“…a gleefully fractured history tale that’s part wickedly black comedy, part demented love story and part scathing prod at the sexual and religious climate of the era… …with a sly performance as the bloodlust-consumed countess […] Weagant keeps the boiling passion simmering beneath the surface…” – Seattle Times

“Blood Countess is a lot of fun. As the countess, Terri Weagant’s unconventional looks and excellent expressive range are riveting… two other characters in her entourage are far more freaky: a deranged, id-like provocateur named Fitzco, played with nearly boundless perversity by Erin Stewart; and a priest, played with chilling, sexualized placidity (and heavy eye makeup) by Martyn G. Krouse. Bathory’s violence-loving libertine husband Ferenc (James Weidman) is another unctuous delight. In Bathory’s grim castle (a simple, black-walled, portrait-adorned set by Susannah Anderson), victims progress from birds to a parade of neighborhood girls (all winningly portrayed by Sarah Winsor)… canny performances and a wacky, Wikipedia-confirmed bite of Hungarian history make the Bathory vein a worthwhile draught.” – Seattle Weekly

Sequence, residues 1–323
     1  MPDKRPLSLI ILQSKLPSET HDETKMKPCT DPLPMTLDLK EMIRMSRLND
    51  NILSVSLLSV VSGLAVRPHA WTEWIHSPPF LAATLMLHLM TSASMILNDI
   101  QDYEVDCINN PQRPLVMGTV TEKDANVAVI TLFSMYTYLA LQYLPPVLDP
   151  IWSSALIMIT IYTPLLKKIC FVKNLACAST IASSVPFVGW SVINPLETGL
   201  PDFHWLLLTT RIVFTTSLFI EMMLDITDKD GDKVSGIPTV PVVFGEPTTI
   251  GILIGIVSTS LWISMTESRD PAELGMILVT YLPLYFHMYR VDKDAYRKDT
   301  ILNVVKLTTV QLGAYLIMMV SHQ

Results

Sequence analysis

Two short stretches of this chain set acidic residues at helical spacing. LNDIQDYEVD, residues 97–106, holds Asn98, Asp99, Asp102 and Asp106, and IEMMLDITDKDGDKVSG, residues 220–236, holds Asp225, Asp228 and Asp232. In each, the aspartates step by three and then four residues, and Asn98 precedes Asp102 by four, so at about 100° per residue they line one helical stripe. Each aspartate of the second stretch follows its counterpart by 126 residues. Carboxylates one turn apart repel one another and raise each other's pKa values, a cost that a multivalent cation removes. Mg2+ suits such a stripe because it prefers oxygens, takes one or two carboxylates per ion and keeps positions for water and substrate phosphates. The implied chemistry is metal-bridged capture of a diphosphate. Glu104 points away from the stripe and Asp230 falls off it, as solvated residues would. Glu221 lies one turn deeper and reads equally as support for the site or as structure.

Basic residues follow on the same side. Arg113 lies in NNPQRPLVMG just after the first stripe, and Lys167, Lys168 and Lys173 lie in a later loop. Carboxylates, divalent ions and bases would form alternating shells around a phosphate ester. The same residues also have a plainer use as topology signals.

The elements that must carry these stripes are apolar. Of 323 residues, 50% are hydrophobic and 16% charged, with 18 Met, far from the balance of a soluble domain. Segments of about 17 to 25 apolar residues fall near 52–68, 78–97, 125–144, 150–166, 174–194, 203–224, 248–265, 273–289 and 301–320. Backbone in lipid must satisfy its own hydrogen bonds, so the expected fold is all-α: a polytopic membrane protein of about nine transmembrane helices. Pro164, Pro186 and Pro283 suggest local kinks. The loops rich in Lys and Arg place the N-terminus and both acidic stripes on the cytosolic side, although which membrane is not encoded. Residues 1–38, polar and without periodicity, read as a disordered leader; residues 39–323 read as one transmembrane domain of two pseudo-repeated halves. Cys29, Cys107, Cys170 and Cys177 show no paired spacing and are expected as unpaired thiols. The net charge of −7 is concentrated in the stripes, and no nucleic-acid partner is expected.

“The mayhem is directed by Bret Fetzer as he uses Annex’s usual minimal technical accessories to exceed their low monetary value and provide great stagecraft at the same time. With Ian Johnston’s support for set design, Gwyn Skone providing inventive creepy lighting, super costuming and wigging from Samantha Armitage (probably on a miniscule budget), and sound by Kyle Thompson, the overall effect is a very sophisticated production… The play could be seen as a ‘Halloween’ event at this time of year, but that downplays its execution, cast and the beautiful poetry of the script. Blanchard seems to love creepy, but also demonstrates that she loves language more. Go get your fright on and also experience a multi-layered biography.” – Miryam Gordon

Terri Weagant Elizabeth Bathory
Ashlen Hodge Dorkus
Mary Murfin Bayley Mother
James Weidman Ferenc & The Inspector
Martyn G. Krouse The Priest
Sarah Winsor The Victims
Erin Stewart Fitzco
Playwright Kelleen Conway Blanchard